On August 28th, 1963, Martin Luther King, Jr. stood before a crowd of close to 250,000 thousand people and delivered one of the most purpose-filled declarations in history. His clarion call to transform chaos into a symphony, to exchange despair for hope, and to overcome injustice with justice for all culminated in his most famous cry: “I have a dream!” It was this dream, this overarching purpose, and his unrelenting hold on its truth that shaped his entire life's work and continues to impact the world decades after his death. That is the power of purpose! What was so significant about King’s legacy is that there was never a gap between what he said needed to be done and the work he was willing to do to make it happen.
“Are you kidding me? Have a meeting every day! We already have way too many meetings. The last thing my team wants to do is add another morning huddle meeting..... every day.”
Yep, that was me about 12 years ago when my coach, Dan Weston, suggested we implement the daily huddle meeting in my company. I was reluctant, but he made me promise to give it a try. My team was reluctant at first too, but in time, this became one of the most important rhythms in the company. And, not only did the executive team huddle, but the design team huddled, customer service and sales huddled, the engineers huddled and the front line supervisors huddled daily.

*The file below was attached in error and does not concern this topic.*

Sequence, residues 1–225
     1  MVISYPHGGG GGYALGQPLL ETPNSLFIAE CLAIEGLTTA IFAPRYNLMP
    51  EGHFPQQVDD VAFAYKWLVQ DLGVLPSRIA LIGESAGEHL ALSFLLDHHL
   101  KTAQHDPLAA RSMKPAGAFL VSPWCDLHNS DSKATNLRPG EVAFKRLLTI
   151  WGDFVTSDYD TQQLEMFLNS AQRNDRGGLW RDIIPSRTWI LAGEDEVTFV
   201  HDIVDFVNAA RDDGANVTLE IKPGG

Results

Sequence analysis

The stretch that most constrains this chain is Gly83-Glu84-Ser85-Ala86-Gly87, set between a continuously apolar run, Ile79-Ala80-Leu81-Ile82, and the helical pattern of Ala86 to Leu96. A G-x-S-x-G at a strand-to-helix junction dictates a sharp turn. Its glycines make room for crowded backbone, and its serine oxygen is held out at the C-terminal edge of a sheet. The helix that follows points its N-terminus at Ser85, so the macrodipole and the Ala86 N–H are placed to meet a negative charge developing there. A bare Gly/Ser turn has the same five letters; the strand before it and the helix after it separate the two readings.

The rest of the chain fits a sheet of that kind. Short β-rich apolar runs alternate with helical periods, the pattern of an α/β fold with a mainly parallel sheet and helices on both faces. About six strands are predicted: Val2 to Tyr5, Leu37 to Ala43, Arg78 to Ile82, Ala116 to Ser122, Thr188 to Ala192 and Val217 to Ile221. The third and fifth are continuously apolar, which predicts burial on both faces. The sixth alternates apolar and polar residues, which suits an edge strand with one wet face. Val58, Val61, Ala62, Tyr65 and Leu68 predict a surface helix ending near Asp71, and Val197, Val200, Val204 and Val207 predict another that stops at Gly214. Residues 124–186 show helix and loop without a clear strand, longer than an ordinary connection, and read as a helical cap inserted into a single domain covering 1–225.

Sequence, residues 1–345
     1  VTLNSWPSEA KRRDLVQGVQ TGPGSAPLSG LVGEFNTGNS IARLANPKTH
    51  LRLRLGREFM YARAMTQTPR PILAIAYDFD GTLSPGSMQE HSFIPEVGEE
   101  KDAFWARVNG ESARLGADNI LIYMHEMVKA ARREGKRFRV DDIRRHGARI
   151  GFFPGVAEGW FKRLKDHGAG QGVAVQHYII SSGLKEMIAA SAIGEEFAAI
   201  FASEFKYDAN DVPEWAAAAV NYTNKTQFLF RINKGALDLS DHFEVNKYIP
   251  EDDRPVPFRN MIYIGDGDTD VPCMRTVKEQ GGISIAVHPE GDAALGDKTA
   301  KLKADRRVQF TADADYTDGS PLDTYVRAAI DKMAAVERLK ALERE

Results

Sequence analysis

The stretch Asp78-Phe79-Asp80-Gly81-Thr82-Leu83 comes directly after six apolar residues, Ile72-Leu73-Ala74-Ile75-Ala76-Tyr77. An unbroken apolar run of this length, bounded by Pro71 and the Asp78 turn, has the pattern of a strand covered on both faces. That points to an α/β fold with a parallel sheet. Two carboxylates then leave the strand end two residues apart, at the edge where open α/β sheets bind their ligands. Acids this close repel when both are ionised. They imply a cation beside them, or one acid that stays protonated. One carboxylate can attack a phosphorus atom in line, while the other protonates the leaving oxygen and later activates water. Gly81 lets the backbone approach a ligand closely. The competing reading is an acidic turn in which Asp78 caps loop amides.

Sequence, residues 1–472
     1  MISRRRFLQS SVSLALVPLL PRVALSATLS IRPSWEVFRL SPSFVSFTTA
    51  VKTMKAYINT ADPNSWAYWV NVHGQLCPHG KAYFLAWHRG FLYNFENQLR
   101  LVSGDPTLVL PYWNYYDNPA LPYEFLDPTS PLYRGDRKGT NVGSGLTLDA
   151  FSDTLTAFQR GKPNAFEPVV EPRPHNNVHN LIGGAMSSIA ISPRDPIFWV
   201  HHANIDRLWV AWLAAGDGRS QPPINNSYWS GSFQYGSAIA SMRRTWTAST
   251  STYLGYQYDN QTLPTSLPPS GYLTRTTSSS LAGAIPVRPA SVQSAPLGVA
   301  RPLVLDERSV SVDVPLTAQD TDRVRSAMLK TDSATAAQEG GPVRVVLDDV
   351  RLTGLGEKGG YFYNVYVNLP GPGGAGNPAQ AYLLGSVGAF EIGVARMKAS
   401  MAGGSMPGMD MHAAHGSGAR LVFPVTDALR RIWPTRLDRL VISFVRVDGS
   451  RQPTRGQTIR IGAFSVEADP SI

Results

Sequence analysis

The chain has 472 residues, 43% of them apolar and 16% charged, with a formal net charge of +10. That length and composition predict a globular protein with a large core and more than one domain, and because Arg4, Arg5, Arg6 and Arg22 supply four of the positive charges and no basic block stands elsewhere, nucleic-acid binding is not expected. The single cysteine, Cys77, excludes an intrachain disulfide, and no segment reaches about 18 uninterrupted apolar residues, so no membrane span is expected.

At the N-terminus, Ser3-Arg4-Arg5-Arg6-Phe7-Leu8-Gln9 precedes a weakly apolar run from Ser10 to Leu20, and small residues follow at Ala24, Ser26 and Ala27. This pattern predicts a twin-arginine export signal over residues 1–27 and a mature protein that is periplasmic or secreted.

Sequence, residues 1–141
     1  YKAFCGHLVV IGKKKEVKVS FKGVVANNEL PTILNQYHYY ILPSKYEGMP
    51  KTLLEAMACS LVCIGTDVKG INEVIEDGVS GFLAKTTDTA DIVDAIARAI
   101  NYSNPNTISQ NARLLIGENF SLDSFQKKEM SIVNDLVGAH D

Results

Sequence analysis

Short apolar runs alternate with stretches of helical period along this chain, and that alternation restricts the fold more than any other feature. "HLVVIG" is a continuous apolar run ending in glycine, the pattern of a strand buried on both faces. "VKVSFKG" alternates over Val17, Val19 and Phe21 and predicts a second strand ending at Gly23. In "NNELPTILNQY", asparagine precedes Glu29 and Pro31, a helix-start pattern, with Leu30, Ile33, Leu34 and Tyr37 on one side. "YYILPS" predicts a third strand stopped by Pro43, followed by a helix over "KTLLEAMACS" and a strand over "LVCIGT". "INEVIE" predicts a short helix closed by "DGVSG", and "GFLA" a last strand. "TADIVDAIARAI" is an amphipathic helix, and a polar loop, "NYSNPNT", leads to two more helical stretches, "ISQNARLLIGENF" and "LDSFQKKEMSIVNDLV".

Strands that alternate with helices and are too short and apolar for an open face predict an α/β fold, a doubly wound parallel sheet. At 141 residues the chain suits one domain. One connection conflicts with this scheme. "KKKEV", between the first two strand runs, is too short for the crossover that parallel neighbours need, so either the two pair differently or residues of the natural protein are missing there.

Does your who do what? It sounds somewhat funny, but this is really a serious question. Many people know what these terms are, but for those that do not, here is a brief refresher. These terms come from author and management consultant Jim Collins. You can find some great BHAG examples on our middle market CEO blog.
Written by Cindy Praeger and Eskinder Assefa
A fairly significant body of research now clearly shows that the reason why a number of mid-to-large companies face is not that their strategies were not sound, but because they were unable to create a culture of strategy execution to perform well on those otherwise sound strategies. Successful teams bridge the strategy to execution gap through Intelligent Work.
Written by Cindy Praeger and Eskinder Assefa
Departmental silos in business are organizational units that should operate as specialized components of the proverbial ‘well-oiled machine’ but, unfortunately, almost always wind up operating increasingly in isolation of the rest of the company and will often end up in turf wars.